A single mosquito chased me out of bed today.
I’m halfway through the Tuesday scheduled chemo treatments and I’ve noticed a pattern emerging: I feel the effects of the infusions in my entire body the strongest on Fridays and Saturdays. Two days of feeling like a bag of crap… a low-level neck-ache ramps up to a medium-level headache that grabs my eyeballs and disrupts my sense of self. A burning-tingling sensation throughout my system. Not much appetite. Not fun.
So, I was lazily languishing in bed beyond my normal rousing time, reluctant to get up to start the day when I felt the itch on my left pinky. Scratch, scratch.
Opening my eyes, I saw the critter flying around my bed. I wasn’t feeling up to being the hunter, hoping it had satisfied its hunger on my toxic blood and would just go away. I closed my eyes again.
Hah! Fat chance.
It next attacked my right hand, and as I scratched the itch there, I conceded I’d been bested by a mosquito, a bug a teeny fraction of my size. I cursed the little critter, got out of bed, and started my morning routine—although it was far past morning in my time zone.
This brought to mind a meme a friend posted on FB (in essence, from memory):
King Saul and his men saw the giant Goliath and thought he was too big to defeat.
David saw the same giant Goliath as a mark too big to miss.
No doubt that biblical story of the shepherd boy defeating a giant with a sling has been used as a metaphor to illustrate many principles. You can listen to Malcolm Gladwell tell his interesting version of the story in his 15-minute TED Talk.
What immediately stuck out to me in the meme is the power of reframing, of looking at a situation or challenge or problem from a fresh perspective.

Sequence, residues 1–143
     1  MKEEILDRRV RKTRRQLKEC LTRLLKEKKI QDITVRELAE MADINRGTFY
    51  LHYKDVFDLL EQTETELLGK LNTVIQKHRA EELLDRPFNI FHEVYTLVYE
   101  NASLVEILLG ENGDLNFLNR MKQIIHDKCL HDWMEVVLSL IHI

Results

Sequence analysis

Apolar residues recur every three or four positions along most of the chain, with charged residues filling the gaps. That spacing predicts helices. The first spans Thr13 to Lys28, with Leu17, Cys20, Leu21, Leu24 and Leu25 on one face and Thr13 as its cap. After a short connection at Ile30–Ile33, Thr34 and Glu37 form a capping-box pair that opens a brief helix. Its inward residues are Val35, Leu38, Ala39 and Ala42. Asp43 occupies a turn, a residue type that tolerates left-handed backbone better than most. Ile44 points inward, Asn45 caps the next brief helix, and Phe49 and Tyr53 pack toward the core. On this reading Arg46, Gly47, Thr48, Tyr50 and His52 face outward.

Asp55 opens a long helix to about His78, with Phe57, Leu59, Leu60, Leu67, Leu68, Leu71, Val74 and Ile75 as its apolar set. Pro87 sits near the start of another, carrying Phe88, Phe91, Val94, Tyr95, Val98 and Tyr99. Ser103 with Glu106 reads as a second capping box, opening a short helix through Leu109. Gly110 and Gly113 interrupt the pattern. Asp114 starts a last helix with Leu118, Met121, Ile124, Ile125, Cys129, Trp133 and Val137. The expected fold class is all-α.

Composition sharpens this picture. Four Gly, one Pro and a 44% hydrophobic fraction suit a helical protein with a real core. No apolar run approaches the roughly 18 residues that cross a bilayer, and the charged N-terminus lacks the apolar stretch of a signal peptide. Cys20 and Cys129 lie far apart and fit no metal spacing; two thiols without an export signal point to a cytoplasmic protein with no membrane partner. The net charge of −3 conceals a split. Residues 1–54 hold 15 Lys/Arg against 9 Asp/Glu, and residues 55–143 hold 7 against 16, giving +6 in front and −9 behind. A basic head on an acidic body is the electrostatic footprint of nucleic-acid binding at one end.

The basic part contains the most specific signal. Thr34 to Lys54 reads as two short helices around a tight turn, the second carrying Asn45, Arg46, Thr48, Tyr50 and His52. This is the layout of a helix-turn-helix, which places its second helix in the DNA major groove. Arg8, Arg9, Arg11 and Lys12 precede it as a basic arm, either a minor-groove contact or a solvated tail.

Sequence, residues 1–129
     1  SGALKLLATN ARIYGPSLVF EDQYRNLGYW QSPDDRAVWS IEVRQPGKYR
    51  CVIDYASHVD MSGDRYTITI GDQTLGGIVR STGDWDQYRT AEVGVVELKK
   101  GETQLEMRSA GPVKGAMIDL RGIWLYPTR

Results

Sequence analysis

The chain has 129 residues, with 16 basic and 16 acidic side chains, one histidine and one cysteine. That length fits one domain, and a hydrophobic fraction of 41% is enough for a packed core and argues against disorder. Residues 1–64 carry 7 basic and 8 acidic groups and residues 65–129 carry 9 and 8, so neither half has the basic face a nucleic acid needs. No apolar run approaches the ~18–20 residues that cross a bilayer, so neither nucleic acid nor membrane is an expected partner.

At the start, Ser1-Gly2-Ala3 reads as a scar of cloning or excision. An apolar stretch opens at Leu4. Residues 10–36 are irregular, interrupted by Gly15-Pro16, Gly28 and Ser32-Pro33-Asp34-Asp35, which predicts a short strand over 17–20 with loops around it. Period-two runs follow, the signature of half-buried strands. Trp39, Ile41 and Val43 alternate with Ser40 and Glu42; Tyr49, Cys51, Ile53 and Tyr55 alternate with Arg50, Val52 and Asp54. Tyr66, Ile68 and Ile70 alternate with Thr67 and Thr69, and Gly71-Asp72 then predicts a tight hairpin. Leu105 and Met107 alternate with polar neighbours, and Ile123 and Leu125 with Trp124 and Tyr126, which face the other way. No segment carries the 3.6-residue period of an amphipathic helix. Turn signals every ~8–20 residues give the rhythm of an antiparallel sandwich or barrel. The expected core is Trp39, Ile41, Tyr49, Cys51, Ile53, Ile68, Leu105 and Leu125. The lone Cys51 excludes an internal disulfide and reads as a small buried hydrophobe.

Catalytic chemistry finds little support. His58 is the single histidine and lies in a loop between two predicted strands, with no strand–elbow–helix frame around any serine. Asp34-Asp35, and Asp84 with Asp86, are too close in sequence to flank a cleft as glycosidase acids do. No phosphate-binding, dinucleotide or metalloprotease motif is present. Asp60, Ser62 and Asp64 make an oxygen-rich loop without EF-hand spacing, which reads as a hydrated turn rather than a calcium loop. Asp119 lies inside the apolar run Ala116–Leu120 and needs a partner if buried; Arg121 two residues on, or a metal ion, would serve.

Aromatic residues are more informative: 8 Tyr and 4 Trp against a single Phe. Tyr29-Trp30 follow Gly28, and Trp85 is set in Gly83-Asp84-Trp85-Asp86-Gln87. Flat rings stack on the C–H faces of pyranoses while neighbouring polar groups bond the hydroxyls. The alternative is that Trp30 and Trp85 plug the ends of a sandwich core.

If a problem can’t be solved within the frame it was conceived, the solution lies in reframing the problem.Brian McGreevy
We all naturally attach meanings to events and experiences. And we forget that we can choose a meaning that is either empowering or disempowering.
Reframing doesn’t change the facts. It’s important to understand that. It’s not about kidding ourselves into thinking a crappy situation is a positive one.
But there is hardly a negative situation that can’t, with a bit of thought and reframing, reveal a positive opportunity. Or at least a baby-step you can take toward a positive outcome.
A reframe is not about telling yourself thatRebecca K. Sampson
your fear is wrong. Reframes are about finding another way to look at the possibilities of your life.
When I was a kid, I was often told I was bossy. Now I see I had natural leadership abilities. I was also told I was stubborn; that charge I’ve since reframed as my being persistent and having stick-to-itness.
These are the concrete ways I overcome our natural collective negativity bias.
How about you? How do you reframe events to change negative beliefs and behavior patterns? How could you change your view of people, relationships, or situations to better serve you?
Now I can reframe my episode with the mosquito. That it chased me out of bed was in fact a good thing.
So, thank you, mosquito… I’m off to have a good day, to find joy in the little things, even if I don’t feel 100%.
And I can celebrate the milestone that I’m halfway done my chemotherapy treatments. Yay! This, too, shall end.
PS. A little concerning about my sessions is that the veins on my left hand—where infusions are inserted—are disappearing. On Tuesday, the oncology nurses tried putting the needle in my hand twice, only to have my veins collapse. Not their fault. They called on a more experienced manager from the radiation department to come up to insert it midway on the lower portion of my arm. He was good. My medical oncologist said he did not want to consider a port yet; rather, he said, he chose to believe I was having a bad day. Hmmm…. And I’m not at all clear how I feel about this either. Going with the flow…
PPS. If my writing resonates with you, leave a comment or share with someone (or your network) who may also appreciate my musings.